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Remotely Piloted Aircraft Systems/Drones

Remotely piloted aircraft systems (RPAS) must use the right radio frequencies, so they don’t cause harmful interference to vital radio systems such as air traffic control, cellular phones, or emergency services.

People who use the wrong frequencies for their RPAS can be prosecuted under the Radiocommunications Act 1989 and the Radiocommunications Regulations 2001.

The most commonly used frequencies that are legal for RPAS in New Zealand are 433 MHz or 2.4 GHz for remote control, along with 5.8 GHz for video and audio links. RPAS can use any of the frequencies in the General User Radio Licence for Short Range Devices and the General User Radio Licence for Aeronautical Control. These are the only frequencies that RPAS are permitted to use in New Zealand.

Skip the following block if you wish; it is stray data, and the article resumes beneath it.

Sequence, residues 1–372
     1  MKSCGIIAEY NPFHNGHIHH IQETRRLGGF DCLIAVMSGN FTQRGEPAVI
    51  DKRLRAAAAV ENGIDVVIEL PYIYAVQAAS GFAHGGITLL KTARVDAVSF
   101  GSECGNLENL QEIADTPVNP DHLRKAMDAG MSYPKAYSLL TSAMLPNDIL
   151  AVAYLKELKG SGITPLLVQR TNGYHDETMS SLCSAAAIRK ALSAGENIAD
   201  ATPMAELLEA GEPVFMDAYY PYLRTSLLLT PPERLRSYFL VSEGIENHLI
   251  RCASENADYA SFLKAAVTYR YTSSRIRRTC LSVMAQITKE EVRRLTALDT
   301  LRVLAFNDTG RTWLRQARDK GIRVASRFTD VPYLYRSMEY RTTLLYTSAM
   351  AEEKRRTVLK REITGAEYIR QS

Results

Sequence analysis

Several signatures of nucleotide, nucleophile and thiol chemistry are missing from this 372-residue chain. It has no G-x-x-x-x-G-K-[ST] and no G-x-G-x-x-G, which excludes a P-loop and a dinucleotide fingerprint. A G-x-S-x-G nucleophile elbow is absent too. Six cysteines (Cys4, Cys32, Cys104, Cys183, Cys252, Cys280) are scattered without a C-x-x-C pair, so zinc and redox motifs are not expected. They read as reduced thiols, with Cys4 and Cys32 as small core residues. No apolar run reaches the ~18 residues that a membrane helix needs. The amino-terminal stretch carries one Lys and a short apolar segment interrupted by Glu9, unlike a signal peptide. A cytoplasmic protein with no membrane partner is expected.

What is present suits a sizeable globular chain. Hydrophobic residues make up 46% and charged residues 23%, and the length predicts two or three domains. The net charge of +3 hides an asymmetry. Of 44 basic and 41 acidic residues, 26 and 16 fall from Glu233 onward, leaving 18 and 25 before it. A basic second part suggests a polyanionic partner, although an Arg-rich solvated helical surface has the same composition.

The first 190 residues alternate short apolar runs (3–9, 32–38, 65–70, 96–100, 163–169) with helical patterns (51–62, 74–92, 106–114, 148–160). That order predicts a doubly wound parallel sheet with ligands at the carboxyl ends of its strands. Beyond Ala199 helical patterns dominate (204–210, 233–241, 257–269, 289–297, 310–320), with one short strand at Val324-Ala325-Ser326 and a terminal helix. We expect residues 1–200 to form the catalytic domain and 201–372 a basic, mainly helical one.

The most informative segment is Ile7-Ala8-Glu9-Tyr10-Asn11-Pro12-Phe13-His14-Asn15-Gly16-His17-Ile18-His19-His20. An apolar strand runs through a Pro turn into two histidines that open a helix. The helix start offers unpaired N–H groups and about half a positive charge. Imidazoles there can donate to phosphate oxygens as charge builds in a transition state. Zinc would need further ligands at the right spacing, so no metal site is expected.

RPAS must also comply with the licence conditions set out in the General User Licences and the Radiocommuncations (Radio Standards) Notice 2015.

Because most RPAS equipment is developed offshore, it often exceeds the frequency and power limits required in New Zealand, and so it is illegal to possess or use here.

If you intend to buy an RPAS, ask the supplier for evidence of compliance with New Zealand requirements. This will be shown on the product by a supplier code number (SCN) or R-NZ label.

The Civil Aviation Authority (CAA) is the government agency that oversees aviation safety and the relevant rules, including rules regarding the use of RPAS. Airways (New Zealand’s air navigation service provider) in conjunction with Callaghan Innovation, UAVNZ (the RPAS industry group) and CAA, have set up the airshare website to provide information for RPAS users.

Last updated 3 November 2015